Baseline shifts do not predict attentional modulation of target processing during feature-based visual attention

Sean P. Fannon, Clifford D. Saron, George R Mangun

Research output: Contribution to journalArticlepeer-review

13 Scopus citations

Abstract

Cues that direct selective attention to a spatial location have been observed to increase baseline neural activity in visual areas that represent a to-be-attended stimulus location. Analogous attention-related baseline shifts have also been observed in response to attention-directing cues for non-spatial stimulus features. It has been proposed that baseline shifts with preparatory attention may serve as the mechanism by which attention modulates the responses to subsequent visual targets that match the attended location or feature. Using functional MRI, we localized color- and motion-sensitive visual areas in individual subjects and investigated the relationship between cue-induced baseline shifts and the subsequent attentional modulation of task-relevant target stimuli. Although attention-directing cues often led to increased background neural activity in feature specific visual areas, these increases were not correlated with either behavior in the task or subsequent attentional modulation of the visual targets. These findings cast doubt on the hypothesis that attention-related shifts in baseline neural activity result in selective sensory processing of visual targets during feature-based selective attention.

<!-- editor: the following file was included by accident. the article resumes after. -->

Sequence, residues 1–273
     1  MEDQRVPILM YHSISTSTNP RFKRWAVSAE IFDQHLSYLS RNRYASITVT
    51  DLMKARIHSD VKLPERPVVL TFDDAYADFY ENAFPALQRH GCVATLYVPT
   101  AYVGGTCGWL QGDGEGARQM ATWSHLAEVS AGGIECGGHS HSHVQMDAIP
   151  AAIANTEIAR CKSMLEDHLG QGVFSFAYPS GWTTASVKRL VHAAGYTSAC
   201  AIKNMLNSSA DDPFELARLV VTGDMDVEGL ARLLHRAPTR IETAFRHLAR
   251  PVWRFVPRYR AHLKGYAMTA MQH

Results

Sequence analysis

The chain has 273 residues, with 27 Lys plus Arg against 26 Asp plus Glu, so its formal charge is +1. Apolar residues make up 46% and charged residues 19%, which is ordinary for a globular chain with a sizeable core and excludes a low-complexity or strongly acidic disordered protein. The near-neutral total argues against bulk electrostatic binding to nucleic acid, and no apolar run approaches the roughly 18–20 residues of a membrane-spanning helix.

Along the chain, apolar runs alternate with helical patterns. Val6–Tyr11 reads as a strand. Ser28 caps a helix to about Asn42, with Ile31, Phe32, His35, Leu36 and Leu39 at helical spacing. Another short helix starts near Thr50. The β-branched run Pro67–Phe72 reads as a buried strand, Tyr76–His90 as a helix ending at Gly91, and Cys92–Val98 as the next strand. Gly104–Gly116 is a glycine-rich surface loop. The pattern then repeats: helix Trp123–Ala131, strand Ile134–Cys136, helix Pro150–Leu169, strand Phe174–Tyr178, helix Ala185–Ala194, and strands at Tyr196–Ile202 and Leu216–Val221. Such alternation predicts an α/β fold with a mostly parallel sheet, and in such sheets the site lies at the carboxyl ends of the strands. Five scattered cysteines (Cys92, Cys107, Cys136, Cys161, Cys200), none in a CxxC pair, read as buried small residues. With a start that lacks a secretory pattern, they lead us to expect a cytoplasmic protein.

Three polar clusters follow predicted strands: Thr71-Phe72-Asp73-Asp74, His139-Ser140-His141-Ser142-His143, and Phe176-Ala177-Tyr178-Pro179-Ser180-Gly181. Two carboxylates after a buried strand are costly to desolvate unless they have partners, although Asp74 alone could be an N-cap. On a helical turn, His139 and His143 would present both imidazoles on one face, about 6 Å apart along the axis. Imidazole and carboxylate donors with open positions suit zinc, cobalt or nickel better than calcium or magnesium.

Original languageEnglish (US)
Article number7
JournalFrontiers in Human Neuroscience
Volume1
Issue numberMAR
DOIs
StatePublished - Mar 28 2008

Keywords

  • Baseline shift
  • fMRI
  • MT
  • Selective attention
  • V4
  • V8
  • Visual cortex
  • Visual feature

ASJC Scopus subject areas

  • Psychiatry and Mental health
  • Neurology
  • Biological Psychiatry
  • Behavioral Neuroscience
  • Neuropsychology and Physiological Psychology

Fingerprint Dive into the research topics of 'Baseline shifts do not predict attentional modulation of target processing during feature-based visual attention'. Together they form a unique fingerprint.

Cite this